Bob Dylan / Desire

1976 saw an enormous departure in sound and lyric from ‘Blood on the Tracks’, Dylan’s 1975 release. No more confessional tracks appear on this album, no more scorned and seething lover numbers and his first folk-rock ‘finger-pointing’ song in years, ‘Hurricane’. Add to the above a smoking southwestern-Gypsy-fiddle and you have the album ‘Desire’ (with one of Dylan’s most iconic album covers to boot).

Like some precious albums where the first time you hear it, the bell is rung, the bell can never be unrung at that point. One of my go to albums for years; on my very first listen, I knew he had something here. Sort of like how Dylan knew he had a missing piece of the album’s sound when he discovered Scarlet Rivera, the violinist who appears throughout this release.

You see, before writing the album, Dylan visited the south of France on the Gypsy high holy day. He recounts: “Anyway, I stayed around and partied for a week, I didn’t sleep, did everything there was to do at least twice.” When it came time to leave Dylan recounts, “All I needed was just to stay up one more day, just to get back to the North of France, so I asked, please give me one more cup of coffee for the road. So they give it to me in a bag, I took it and headed off down.”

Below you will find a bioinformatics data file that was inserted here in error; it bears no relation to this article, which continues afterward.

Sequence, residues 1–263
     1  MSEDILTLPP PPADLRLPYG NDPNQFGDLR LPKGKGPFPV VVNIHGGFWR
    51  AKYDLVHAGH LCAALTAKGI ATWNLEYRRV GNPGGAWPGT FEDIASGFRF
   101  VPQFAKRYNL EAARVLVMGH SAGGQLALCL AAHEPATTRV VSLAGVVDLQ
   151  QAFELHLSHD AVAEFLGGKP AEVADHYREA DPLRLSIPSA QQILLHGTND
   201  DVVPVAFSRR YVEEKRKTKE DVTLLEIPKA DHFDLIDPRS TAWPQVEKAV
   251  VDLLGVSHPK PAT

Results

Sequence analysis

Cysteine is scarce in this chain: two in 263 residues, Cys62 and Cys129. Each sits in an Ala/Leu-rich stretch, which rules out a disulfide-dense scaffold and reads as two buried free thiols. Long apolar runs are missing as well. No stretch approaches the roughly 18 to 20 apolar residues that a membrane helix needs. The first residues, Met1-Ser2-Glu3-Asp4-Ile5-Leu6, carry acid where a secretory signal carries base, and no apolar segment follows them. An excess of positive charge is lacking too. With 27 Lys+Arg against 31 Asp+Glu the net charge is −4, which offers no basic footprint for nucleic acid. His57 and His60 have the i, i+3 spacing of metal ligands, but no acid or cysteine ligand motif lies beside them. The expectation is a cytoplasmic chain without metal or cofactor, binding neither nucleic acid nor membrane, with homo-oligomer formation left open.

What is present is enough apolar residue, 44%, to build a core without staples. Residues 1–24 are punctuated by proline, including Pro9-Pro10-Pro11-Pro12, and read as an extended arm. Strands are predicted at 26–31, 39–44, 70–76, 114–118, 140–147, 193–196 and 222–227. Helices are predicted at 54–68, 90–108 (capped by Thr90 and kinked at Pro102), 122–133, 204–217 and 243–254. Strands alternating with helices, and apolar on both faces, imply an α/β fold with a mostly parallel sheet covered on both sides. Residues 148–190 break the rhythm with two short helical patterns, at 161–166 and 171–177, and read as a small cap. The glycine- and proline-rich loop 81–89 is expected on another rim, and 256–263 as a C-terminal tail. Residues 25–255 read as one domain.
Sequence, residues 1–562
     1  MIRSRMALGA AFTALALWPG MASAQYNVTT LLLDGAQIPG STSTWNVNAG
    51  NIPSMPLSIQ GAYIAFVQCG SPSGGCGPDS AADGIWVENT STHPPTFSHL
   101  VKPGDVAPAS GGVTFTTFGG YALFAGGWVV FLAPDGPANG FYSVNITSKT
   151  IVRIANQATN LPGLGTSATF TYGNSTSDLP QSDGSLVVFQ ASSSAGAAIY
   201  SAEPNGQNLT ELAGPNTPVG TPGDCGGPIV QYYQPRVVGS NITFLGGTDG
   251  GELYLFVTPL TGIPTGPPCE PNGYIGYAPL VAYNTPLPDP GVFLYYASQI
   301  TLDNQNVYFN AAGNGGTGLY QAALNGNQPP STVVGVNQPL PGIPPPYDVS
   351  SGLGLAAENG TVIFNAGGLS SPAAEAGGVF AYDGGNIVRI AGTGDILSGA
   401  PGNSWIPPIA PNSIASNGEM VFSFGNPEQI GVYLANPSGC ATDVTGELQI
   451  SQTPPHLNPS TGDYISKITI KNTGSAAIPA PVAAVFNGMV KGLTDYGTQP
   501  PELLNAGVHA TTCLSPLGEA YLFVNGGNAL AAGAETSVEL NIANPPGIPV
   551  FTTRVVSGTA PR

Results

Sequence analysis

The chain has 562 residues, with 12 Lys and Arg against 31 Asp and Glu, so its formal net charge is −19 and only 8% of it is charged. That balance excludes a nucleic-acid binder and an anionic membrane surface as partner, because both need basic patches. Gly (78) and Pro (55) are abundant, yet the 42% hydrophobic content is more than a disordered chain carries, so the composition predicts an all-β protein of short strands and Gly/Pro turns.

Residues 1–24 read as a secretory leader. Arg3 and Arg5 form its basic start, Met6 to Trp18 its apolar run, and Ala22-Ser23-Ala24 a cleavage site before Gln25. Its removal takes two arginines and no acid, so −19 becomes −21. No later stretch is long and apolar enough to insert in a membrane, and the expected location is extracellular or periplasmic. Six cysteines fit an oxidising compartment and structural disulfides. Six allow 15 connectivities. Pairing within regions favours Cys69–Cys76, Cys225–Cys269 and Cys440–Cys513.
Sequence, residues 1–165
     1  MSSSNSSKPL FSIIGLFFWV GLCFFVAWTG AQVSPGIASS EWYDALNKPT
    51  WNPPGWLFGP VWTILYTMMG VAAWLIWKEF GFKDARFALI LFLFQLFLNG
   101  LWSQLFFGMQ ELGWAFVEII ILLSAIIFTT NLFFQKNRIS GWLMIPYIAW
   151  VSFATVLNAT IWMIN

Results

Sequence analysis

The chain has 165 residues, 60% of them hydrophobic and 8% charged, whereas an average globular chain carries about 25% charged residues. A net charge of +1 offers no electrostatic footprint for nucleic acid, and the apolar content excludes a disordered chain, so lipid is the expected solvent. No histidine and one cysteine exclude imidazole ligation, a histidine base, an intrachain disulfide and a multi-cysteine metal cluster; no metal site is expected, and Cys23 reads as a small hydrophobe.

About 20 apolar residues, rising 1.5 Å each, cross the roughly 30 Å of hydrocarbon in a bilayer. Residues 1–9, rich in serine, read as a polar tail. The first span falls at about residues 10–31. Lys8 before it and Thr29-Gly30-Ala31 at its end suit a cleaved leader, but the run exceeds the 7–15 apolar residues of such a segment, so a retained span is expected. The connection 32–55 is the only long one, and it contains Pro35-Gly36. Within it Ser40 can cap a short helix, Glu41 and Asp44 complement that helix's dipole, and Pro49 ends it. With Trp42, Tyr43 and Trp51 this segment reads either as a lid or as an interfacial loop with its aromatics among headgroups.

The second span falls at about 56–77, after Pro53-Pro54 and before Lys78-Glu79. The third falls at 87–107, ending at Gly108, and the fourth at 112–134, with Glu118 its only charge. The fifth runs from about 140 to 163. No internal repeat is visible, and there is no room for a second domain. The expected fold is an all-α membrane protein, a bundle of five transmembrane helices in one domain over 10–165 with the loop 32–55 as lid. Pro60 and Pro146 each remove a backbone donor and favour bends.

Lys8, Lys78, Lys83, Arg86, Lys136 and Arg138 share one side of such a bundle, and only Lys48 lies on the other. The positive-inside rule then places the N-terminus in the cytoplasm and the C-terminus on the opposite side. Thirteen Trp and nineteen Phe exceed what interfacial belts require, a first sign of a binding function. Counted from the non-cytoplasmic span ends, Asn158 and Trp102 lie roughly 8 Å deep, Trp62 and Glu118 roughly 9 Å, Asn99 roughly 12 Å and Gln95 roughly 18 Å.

He was infected at that point by the musical sound of the Gypsies. It had gotten in his bones and ears. He wanted that sound for ‘Desire’ and went about looking. Some of that sound was discovered in the before mentioned violinist, Scarlet Rivera. As she was walking down a N.Y.C. street one night with her instrument in hand, Dylan spotted her and invited the young musician into his limo. Soon that night she was auditioning and blowing everyone’s mind with her strings. Soon that night she found out she would record on the album when Dylan announced she was to play with him while he was on stage at a local blues hot spot.

To be mentioned, the songs on this album are all co-written with Jacques Levy. Later revealed, ‘Joey’, a song appearing later down the tracks was entirely written by Levy himself. The result of the two intertwining their vision are songs epic in tale and cinematic in approach. The album culminates in a beautiful love song to his former wife, Sara. Overall, the album ‘Desire’, like that Gypsy music, digs in and buries in the brain with its audible bite.

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